When we simply say “they’re terrorists,” we become desensitized to the deaths of Afghans and Pakistanis.  Associating the majority of Afghans and Pakistanis with the extremist groups or the corrupt officials in the government does a great injustice to their struggles.  In March, the Pakistani people marched in the streets and organized rallies in protest to the government’s sacking of their chief justice.  The government eventually caved in and conceded with the people’s demand to reinstate the chief justice.  This was a victory not only for the Pakistani people, but also for everyone who seeks social justice.  Yet why wasn’t this reported widely in the mainstream western media?  Perhaps because it is contradictory to the image that the media wants to promote, i.e. “the most dangerous country in the world” or a “boiling pot” of “terrorism.”

In several debates with fellow Muslims, I’ve been told that the Afghan and Pakistani people “aren’t taking a stand,” so Obama’s military intervention is “justified.”  Again, this does a great disservice to the efforts of Afghans and Pakistanis who are risking their lives in combating violent extremism.  But it does not help when you’re being attacked by both sides:  The Taliban on one hand, and the U.S. military occupation/drone attacks on the other.  If the people of America could not impeach a president for 8 years of his term, then how can we expect the Afghans and Pakistanis to easily overthrow their leaders?  And why do people expect a miraculous change from Obama’s surge?  Tariq Ali cites the previous head of CIA station in Kabul, Graham Fuller, who made the following points about the Afghan war:

1.  It is impossible to police the Afghan-Pakistan border because it extends over thousands of miles and consists of mountainous territory, which makes it impossible to even construct a wall.  I get the feeling that if we could ask Alexander the Great and Genghis Khan why they couldn’t conquer the region, they would say something about the mountains.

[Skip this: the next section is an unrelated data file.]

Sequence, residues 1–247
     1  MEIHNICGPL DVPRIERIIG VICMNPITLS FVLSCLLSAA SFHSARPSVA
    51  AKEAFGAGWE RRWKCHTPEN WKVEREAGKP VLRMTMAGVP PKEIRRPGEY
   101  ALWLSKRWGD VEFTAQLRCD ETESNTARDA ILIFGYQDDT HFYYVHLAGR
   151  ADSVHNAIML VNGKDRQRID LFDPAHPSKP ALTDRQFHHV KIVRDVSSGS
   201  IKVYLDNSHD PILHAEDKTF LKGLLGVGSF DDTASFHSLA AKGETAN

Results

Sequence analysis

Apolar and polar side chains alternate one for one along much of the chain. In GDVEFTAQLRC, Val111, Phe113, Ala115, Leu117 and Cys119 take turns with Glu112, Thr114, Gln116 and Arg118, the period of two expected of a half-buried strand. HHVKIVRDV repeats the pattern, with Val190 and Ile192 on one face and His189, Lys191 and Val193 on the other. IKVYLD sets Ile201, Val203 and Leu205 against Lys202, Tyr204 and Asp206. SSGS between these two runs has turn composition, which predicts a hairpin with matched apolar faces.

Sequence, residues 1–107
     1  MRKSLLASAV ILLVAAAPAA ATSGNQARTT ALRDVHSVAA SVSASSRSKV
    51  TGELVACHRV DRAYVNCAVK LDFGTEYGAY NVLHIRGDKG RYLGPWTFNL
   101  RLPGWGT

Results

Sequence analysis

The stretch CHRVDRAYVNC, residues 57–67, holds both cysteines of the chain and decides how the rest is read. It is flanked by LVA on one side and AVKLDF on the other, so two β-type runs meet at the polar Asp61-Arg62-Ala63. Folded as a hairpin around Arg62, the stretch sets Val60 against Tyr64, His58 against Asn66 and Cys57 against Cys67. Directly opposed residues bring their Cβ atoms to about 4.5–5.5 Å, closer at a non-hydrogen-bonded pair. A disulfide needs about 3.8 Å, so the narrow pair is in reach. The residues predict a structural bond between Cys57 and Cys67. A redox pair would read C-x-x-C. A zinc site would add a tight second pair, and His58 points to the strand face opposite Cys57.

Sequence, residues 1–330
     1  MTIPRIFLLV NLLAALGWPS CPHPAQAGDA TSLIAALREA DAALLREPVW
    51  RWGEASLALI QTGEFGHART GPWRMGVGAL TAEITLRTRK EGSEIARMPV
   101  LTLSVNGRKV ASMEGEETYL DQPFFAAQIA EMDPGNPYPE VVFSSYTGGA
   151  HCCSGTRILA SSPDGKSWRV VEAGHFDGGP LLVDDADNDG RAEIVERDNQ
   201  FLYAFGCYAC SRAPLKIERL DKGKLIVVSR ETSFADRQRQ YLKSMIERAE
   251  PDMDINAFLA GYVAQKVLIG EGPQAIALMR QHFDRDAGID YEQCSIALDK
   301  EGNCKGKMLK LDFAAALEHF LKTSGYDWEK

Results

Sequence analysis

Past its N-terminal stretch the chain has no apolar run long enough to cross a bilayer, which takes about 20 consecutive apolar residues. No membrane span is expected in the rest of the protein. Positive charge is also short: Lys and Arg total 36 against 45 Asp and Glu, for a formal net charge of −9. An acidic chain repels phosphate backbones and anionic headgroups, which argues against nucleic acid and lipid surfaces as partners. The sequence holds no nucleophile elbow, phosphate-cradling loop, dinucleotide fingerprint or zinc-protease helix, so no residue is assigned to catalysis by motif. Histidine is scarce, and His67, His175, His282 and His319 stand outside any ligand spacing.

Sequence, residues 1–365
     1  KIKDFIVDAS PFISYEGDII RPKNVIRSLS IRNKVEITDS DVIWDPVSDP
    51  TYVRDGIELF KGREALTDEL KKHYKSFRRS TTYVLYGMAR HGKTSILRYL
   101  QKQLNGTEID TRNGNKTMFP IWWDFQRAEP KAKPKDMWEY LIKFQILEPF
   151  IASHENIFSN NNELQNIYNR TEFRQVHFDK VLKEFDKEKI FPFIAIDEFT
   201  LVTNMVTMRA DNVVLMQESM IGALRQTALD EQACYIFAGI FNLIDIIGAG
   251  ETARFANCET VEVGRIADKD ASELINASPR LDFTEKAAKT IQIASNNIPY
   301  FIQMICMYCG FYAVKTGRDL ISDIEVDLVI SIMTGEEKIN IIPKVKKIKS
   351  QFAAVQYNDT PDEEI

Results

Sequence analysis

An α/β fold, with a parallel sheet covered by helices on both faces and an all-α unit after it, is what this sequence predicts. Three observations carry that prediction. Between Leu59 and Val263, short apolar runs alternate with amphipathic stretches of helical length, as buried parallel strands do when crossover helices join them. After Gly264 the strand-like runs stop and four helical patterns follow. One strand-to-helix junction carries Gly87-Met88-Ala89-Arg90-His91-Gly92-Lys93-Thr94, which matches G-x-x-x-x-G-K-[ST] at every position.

2.  People on either side of the border “often belong to the same tribes, often related, speak the same language, and inter-marriage is common.”  When people suffer on one side, allies from the other side cross the border to help out.

3.  “The presence of the U.S. is part of the problem, not the solution.”

Just by examining these points, one gets a glimpse of how complex the conflict is.  Too often, I’ve noticed that people speak about this war as if Afghans and Pakistanis are not suffering.  As Thomas Houlahan reports:  “Pakistan has lost more civilians in the war on terror than the United States; Pakistan has lost more troops killed in fighting insurgents than every foreign contingent in Afghanistan combined. These facts fly in the face of the misinformation bandied about that Pakistan is soft on terror.”

If people truly and genuinely care about the people of Afghanistan and Pakistan, I believe they should listen to the citizens of those countries instead of arrogantly behaving as if they can speak for them or “know” what’s best for them.  There needs to be a better exit strategy and a stronger effort for diplomacy.  The Angus Reid Global Monitor found that 68% of Afghans think the government should hold talks with the Taliban.  If Obama supports diplomacy with Iraq, Iran, and Palestine, why isn’t the same policy extended in Afghanistan?

I can no longer hold back on my criticism of president Obama and, honestly, I am fed up with people making excuses for him.  Muslims worked so hard to campaign for him and a lot of us put so much faith in him, but we cannot overlook the fact that his policies are only going to tarnish relations with Muslim majority countries even further.  I will not be a fool anymore and listen to the false hope that “over time, Obama will change things” or “after he does such and such, he will take a stand for Palestine and Muslims.”  I do not understand how Obama can get away with advancing war while citing historical figures who symbolize non-violence and winning the Nobel Peace Prize.

Just like Iraq and Palestine, people do not like being occupied by a foreign invader.  Military intervention and more drone attacks will make matters worse, endanger the lives of Muslims and non-Muslims in many parts of the world, and it will create more enemies.  I don’t need a crystal ball to figure that out.  Recent history (i.e. the last 8 years) says it all.

Congratulations Pakistan!

afridi celebrate 2

I will never forget this day, Sunday, June 21st of 2009 when the Pakistani cricket team defeated Sri Lanka to win the world cup in Twenty20 cricket.  Throughout the tournament, teams like South Africa, Sri Lanka, and India were favored to be this year’s champions, but no one expected Pakistan — led by an unstoppable Shahid Afridi — to power their way through.